You keep walking, and you feel the anxiety of being late start to wash over you. Not that it’s that big of a deal, but you hate the feeling of interrupting a lecture that’s already started. Your stride is quick and steady, so you shouldn’t be walking for much longer. The area around you becomes much less residential as you keep going, the buildings getting taller and taller as you go along. You’re close to Kendall Square.

a photo of a “little free library”- a box filled with box that passerby’s can just grab or add to

You pass by another coffee shop, a local Boston chain. Immediately after, you reach the Garment District, a used clothing shop that sells a seriously wild amount of colorfully patterned button-ups. You can also get some clothing for 2 dollars per pound (1 on Fridays!) here, it just requires a bit of digging.

Soon enough, you cross the railroad tracks and you’re in the Kendall area, surrounded by tech companies, and the occasional building owned by MIT. You turn right on Ames Street, and you can finally see where you’re going just ahead. In just a few yards, you’ll be on MIT’s campus at last.

a picture of railroad tracks, and a geometric building

But uh oh! You’ve made a mistake. You’re on the East Side of campus now, but Building 5 is all the way by Lobby 7, on Mass Ave. You quicken your pace now, and wind through Building 66 into Building 56 into Building 16 and climb the stairs up to reach the Infinite Corridor. You stride through here, dashing between people as you hurry along. Finally, you reach Lobby 7, and you are just steps away from class. (25 minutes)

Click here to see if you made it on time.


You turn right on Windsor. Immediately, you notice the sidewalk is painted with differently colored animal tracks of some sort. As you walk along the elementary school, you approach a sign that explains it. Can you run like a cougar? it reads, and you take a look at the blue cougar prints again. They’re pretty far apart, so no, you don’t think you can run like a cougar.

a picture of colored paw prints on the sidewalk, and a sign that says “animal tracks: wow! let’s check out these cougar tracks!”

Soon enough, you’re besides the school’s playground, where, depending on the time of day, you can hear children screaming as they play. You reminisce about the concept of recess, and the joy of being a child with not a significant care in the world. The memory makes you feel old. You keep walking.

Up ahead is an authentic Puerto Rican restaurant, Izzy’s, one of Cambridge’s gems. The smell of food drifting out of their windows is magical and makes you loathe your simple breakfast. At this place, you can get some amazing slow roasted pork with rice and beans, or empanadas, or plantains, and more. This part of Cambridge is known as The Port, and there’s street art up ahead to show it.

a picture of Izzy’s restaurant, and the Port mural that is on the street

You’ve got a steady rhythm of walking by now, glancing at things as you go by but not stopping for too long. There’s the clinic on your right, the plaza to your left, and homes all the way in between. This one door stands out to you, contrasted against the incredibly worn out building.

a picture of a geometric light in front of a home, and a worn out door with a sign that says “love” on it

You keep walking along, either jamming to whatever song is playing now, or listening to the sounds of Cambridge come alive. You reach Main Street, which hosts a few different restaurants (Royal East, Cuchi Cuchi, Bertucci’s, Craigie on Main, to name a few), but you keep going straight down Windsor. As soon as you cross Main, you can smell chocolate in the air coming straight from the Tootsie Roll Factory on your left.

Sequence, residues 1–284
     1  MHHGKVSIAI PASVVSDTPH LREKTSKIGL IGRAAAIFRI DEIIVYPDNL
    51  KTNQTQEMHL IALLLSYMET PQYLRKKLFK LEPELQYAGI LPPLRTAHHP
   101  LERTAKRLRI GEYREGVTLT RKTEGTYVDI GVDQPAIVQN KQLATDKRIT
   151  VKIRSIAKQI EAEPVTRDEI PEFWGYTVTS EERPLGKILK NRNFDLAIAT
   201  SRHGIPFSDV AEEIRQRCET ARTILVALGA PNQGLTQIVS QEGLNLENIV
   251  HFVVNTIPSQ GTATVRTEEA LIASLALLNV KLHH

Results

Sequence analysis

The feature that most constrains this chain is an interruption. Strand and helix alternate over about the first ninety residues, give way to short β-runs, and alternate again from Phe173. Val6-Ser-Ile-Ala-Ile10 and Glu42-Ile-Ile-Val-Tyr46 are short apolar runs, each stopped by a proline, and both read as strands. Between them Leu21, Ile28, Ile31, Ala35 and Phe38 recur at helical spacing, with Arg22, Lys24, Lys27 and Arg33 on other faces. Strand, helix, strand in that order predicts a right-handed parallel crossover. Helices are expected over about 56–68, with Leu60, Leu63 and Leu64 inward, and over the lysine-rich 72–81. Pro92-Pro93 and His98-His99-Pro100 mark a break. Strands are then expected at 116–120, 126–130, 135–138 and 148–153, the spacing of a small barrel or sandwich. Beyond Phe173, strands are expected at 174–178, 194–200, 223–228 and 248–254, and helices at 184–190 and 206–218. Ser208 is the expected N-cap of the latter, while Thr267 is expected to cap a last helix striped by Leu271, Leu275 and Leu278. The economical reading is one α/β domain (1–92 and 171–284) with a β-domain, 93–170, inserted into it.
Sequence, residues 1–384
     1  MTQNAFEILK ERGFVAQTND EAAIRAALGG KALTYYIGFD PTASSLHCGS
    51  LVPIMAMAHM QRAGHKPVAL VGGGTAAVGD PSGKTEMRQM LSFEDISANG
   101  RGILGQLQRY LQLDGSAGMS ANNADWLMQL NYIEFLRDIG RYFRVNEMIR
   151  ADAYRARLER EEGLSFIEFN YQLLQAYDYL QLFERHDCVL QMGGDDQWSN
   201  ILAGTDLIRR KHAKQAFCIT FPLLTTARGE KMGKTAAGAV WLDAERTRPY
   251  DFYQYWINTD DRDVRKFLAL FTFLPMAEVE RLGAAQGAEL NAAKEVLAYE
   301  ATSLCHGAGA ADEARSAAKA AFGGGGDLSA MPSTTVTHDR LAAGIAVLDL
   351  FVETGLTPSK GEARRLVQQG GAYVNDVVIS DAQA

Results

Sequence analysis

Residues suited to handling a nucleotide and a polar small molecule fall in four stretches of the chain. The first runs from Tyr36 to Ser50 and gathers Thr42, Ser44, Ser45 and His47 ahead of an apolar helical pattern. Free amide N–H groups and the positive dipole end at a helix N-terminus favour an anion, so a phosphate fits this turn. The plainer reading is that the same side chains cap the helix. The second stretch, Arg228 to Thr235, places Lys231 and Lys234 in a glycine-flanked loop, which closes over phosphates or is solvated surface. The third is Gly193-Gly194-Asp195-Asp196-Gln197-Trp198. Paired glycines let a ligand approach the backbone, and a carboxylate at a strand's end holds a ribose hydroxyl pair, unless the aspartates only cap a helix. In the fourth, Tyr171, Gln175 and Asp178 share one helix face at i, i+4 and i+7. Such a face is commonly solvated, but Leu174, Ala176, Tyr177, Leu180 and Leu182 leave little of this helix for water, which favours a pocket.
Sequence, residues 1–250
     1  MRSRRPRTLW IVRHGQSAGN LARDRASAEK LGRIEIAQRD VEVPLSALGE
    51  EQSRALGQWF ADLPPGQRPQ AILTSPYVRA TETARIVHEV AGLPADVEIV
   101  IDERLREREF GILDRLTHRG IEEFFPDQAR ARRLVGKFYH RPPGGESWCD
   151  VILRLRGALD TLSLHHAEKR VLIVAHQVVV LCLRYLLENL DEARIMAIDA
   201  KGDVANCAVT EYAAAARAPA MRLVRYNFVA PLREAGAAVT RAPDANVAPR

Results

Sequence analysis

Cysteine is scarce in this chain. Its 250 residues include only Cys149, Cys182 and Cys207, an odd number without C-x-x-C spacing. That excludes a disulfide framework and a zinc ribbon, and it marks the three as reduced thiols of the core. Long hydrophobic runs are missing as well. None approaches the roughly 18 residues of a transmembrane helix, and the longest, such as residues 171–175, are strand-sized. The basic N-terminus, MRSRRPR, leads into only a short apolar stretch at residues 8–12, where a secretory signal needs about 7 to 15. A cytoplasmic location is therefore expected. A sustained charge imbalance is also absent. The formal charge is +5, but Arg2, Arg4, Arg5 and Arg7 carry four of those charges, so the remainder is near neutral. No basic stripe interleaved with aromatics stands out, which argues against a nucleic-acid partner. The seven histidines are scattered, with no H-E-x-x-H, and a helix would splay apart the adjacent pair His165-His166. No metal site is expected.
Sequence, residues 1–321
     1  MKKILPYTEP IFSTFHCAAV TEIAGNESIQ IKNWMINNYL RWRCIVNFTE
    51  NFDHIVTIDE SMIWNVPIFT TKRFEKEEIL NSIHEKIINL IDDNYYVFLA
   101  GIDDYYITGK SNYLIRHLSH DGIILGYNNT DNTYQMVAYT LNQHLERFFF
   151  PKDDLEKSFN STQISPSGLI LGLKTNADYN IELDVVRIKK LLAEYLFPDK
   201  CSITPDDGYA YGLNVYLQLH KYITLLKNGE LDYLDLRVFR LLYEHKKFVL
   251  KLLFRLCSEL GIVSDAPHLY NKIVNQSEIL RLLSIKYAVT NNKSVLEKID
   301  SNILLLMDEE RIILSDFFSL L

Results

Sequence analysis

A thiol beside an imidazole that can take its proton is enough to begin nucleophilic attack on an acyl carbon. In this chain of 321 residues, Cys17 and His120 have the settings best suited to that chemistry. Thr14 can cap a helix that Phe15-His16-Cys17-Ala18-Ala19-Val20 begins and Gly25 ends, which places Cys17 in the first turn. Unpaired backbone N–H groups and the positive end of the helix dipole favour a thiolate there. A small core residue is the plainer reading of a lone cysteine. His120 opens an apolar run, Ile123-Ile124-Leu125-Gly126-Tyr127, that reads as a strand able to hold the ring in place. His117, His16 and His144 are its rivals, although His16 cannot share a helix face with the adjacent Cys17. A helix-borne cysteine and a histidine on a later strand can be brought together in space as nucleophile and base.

A few blocks down (and a few business later), you finally reach Massachusetts Avenue. MIT is just to your left, so you turn left and keep going, not stopping to check the time. Flour Bakery is on your right, filled with people grabbing coffee before their classes or jobs. On your left are two fast casual restaurants that you haven’t bothered to check out yet.

Finally, you cross Albany Street, and everything ahead of you is the familiar campus of MIT. The Student Center, Building 9, and at last, Lobby 7. You climb up the steps and head inside. Building 5 is right off of Lobby 7, so you are just steps away. You arrive to your class quickly. (20 minutes)

Keep reading to see if you made it on time.


Typical MIT classes start 5 minutes after they’re technically scheduled, so you should be in class by 9:35AM. Total up all of the minutes you saw on your path, and add it to 9:10AM, your starting point. Did you make it to class on time?

Start Over?


All in all, I love living off campus. Not only did it feel like the natural progression, since I was coming off of two years of work and going back to school, but it helps me balance my life in the ways I want to. Plus, it means I still get to live with my friends who’ve graduated, instead of having to meet a whole new group of people in a hall. I still feel like I get the benefits of being in a dorm, since we all still feel a sense (if small) of community. It’s just nice to be able to tune out every once in a while.

  1. fraternities, sororities, and independent living groups back to text
  2. for the record, whenever i refer to off-campus from this point on, i'll mostly be referring to living in not mit-affiliated housing back to text
  3. and i do some of those other things at mit back to text
  4. we equally share groceries and chores and other expenses back to text
  5. no one's perfect back to text
  6. it's on my driver's license! back to text
  7. the huge banner covering up an entire wall of our living room? great! my collection of 10 candles? awesome! microwave in my bedroom? i won't, but i could back to text
  8. reasonable back to text
  9. pretty unreasonable back to text
  10. which stands for the Massachusetts Bay Transportation Authority, or Boston's public transit system back to text
  11. the local subway system back to text
  12. i like to be a little on the earlier side back to text
  13. given, it's within 1.5 hrs and the weather is alright back to text
  14. except for traffic lights back to text